If a PC just wants to abuse a title, its theirs to screw up; after all, you wouldnt tell a player when or how to use a charged item, would you? Dont pressure your players to do the right thing with a title: on the contrary, you should let them run a position into the ground if they want, ignoring all the unrest, unhappiness, murders, heresy, or whatever is going on in their fiefdom or area of honorary interest. Many me-dieval nobles did exactly this, and PCs should be able to as well. If it is truly noxious, you can always run a peasant revolt adventure.

    Sinecure/Honorary PostsOne step beyond access to the powerful are the honorary posts and patronage jobs that come with serious perks. Si-necures are positions that require little or no actual work or responsibility: for example, the title of Sorcerer-in-Chief may come with a manor in the city, ser-vants, and free run of the Royal Library, or the title of Chief Huntsman comes with land duchy overrun by hobgoblins and with access to the Royal Stables and access to the princesss private chapel.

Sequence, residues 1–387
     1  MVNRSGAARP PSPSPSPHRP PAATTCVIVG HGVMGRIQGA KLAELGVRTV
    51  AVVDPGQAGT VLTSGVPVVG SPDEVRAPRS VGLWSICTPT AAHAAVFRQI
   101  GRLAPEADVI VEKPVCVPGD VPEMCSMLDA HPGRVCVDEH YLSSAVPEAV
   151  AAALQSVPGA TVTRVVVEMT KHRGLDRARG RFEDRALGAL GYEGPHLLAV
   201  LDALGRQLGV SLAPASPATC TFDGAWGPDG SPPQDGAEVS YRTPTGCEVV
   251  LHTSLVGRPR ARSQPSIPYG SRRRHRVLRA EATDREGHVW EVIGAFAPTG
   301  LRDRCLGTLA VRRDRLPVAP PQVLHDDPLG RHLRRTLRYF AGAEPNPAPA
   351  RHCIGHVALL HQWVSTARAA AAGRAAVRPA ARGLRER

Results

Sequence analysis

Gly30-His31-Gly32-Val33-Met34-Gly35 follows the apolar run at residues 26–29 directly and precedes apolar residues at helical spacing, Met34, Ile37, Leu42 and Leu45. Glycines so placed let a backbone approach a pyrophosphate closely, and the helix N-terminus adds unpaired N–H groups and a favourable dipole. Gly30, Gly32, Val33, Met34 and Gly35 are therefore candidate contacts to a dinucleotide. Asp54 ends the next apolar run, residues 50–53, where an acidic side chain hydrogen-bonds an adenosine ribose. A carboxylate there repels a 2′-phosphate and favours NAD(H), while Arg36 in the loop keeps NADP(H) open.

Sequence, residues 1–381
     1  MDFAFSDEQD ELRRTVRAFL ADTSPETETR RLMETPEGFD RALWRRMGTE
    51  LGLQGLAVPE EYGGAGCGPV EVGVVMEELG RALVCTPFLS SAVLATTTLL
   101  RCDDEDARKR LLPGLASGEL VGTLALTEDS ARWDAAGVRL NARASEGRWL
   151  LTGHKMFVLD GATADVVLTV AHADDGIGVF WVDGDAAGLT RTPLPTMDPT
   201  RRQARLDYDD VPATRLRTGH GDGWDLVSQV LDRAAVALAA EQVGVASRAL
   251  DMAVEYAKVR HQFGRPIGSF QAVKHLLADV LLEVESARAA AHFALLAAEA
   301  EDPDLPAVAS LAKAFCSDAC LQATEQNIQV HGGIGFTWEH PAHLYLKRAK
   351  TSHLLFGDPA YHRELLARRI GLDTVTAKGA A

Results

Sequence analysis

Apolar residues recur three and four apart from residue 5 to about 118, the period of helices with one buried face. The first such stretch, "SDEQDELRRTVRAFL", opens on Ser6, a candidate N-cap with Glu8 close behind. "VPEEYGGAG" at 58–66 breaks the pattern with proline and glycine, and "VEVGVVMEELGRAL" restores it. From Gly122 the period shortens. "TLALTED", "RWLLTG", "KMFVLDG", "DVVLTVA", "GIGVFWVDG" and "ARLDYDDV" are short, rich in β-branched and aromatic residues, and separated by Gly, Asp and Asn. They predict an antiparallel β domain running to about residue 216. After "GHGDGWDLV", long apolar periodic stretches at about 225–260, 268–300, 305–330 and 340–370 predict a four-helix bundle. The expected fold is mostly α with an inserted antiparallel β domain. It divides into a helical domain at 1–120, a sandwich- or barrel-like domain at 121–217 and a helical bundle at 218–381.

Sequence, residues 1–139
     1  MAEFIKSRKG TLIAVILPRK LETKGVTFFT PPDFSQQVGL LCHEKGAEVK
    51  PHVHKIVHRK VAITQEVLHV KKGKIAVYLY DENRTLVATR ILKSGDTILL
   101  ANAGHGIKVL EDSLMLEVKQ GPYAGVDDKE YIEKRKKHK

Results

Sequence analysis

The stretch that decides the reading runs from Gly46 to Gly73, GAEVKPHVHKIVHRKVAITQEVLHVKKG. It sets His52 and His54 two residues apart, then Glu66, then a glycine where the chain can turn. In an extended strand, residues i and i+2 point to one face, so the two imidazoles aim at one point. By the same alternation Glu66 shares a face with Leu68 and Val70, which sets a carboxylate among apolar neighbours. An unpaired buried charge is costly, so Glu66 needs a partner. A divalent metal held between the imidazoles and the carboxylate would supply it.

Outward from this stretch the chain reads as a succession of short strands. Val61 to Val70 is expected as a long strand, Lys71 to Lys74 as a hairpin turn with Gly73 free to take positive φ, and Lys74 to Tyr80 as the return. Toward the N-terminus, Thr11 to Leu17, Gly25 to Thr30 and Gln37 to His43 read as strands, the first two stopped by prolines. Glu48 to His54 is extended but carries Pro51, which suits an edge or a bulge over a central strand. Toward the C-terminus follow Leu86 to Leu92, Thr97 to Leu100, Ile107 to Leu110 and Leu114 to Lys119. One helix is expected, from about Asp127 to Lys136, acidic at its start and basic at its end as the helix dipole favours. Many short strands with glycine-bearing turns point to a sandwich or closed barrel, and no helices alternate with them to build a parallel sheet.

RecognitionWhen NPCs and powerful forces in the campaign recognize the PC as a valu-able, powerful figure who improves the image of the guild or kingdom just by

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    15. COPYRIGHT NOTICE Open Game License v 1.0a Copyright 2000, Wizards of the Coast, Inc.

    System Reference Document Copyright 2000-2003, Wizards of the Coast, Inc.; Authors Jonathan Tweet, Monte Cook, Skip Williams, Rich Baker, Andy Collins, David Noonan, Rich Redman, Bruce R. Cordell, based on original material by E. Gary Gygax and Dave Arneson.

    Kobold Quarterly, Copyright 2007, Wolfgang Baur, www.wolfgangbaur.com. All rights reserved.

    his presence. While its basically a pa-tronage position which may come with an easy salary. Whats not to like?

    From the DMs perspective, you are also giving the PC has a sense of respon-sibility and ownership in the people who gave him the title. If the Minister of the Treasury comes begging for help from strangers, theyll ask whats in it for me?. If he asks the Kings Cham-pion, the answer is more likely to be Who needs killing?. Honorary posts make great hooks for future adventures and if the party succeeds in those, their names and fame grow even fur-ther, creating a virtuous cycle of deeds and recognition that can quickly lead to even more important titles such as a grant of nobility.